reported home fires (second behind cooking) and
    11 of home fire deaths.
  • The peak months for home heating fires are
    December, January and February.

Heating Safety
  • Space heaters were involved in 26 of the home
    heating fires but 73 of the deaths.
  • Fireplaces or chimneys rank first in the number
    of fires among types of heating equipment. Most
    of these were caused by creosote build-up.

Heating Safety Advice
  • Space heaters need space, at least three feet
    away from anything that can burn
  • Portable space heaters should be turned off every
    time you leave the room or go to sleep 
  • Have a sturdy screen on your fireplace, a metal
    screen or built-in glass doors

Electrical Safety
  • Between 1999-2003, electrical distribution and
    lighting equipment were involved in an estimated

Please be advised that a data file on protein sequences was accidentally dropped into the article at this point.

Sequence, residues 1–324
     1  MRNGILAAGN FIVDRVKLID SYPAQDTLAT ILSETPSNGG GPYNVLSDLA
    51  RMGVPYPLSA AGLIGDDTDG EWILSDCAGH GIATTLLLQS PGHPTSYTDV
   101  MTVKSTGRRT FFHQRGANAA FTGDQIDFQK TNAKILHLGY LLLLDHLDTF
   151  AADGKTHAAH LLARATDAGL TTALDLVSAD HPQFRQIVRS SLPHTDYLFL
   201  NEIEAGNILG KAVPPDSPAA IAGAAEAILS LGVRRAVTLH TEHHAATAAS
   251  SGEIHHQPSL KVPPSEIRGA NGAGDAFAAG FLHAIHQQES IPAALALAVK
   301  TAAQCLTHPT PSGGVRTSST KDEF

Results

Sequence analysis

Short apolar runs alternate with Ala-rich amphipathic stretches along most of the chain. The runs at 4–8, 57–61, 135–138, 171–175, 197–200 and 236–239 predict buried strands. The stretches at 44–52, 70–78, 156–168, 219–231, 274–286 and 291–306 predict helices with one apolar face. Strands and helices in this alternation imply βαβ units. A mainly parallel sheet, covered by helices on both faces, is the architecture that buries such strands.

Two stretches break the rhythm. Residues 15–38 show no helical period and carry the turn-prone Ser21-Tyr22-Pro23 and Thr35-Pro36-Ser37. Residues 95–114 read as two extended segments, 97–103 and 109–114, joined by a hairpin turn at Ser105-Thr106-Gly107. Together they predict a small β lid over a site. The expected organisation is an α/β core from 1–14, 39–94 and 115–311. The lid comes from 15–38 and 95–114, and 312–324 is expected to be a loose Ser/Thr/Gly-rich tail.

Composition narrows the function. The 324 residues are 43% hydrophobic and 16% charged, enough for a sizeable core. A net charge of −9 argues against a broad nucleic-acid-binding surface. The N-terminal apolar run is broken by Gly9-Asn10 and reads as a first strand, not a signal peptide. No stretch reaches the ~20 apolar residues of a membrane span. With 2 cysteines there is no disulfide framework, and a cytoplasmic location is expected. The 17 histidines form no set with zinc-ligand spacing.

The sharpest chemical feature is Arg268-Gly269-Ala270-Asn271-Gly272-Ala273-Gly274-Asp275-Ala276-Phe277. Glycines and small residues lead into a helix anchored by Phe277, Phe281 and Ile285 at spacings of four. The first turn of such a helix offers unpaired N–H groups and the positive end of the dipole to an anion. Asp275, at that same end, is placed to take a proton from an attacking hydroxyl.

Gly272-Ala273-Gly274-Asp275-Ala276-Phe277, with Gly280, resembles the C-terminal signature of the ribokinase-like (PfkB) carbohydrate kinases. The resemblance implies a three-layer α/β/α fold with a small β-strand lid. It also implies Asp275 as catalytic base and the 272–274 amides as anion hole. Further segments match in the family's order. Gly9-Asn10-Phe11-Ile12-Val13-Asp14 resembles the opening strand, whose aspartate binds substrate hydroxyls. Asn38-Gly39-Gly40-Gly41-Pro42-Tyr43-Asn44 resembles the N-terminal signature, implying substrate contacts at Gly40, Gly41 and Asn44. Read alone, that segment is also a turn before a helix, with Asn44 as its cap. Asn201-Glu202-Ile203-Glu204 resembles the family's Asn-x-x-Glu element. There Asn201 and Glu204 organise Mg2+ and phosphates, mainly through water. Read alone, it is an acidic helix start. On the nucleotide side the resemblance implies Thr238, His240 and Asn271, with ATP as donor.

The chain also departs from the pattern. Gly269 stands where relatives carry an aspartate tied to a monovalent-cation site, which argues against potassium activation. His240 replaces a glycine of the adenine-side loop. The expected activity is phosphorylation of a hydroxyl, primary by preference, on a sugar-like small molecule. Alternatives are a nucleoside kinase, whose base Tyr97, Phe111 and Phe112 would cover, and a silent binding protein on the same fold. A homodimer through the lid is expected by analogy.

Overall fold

19,100 home structure fires per year.  These
    fires resulted in 140 civilian deaths, 610
    civilian injuries and an estimated 349 million
    in direct property damage per year.
  • Extension cord fires outnumbered fires beginning
    with attached power cords by more than

Electrical Safety
  • Fixed wiring causes 1/3 of home electrical
    distribution fires.
  • Cords and plugs cause 1/6 of home electrical
    fires and 1/3 of related deaths. In some cases,
    people can check and fix them, if necessary,
    without a licensed electrician.

Electrical Safety
  • Each year, electrical shock (not resulting in a
    fire) causes hundreds of burn deaths and
    thousands of burn injuries.
  • Nearly 2/3 of electrical burn injuries to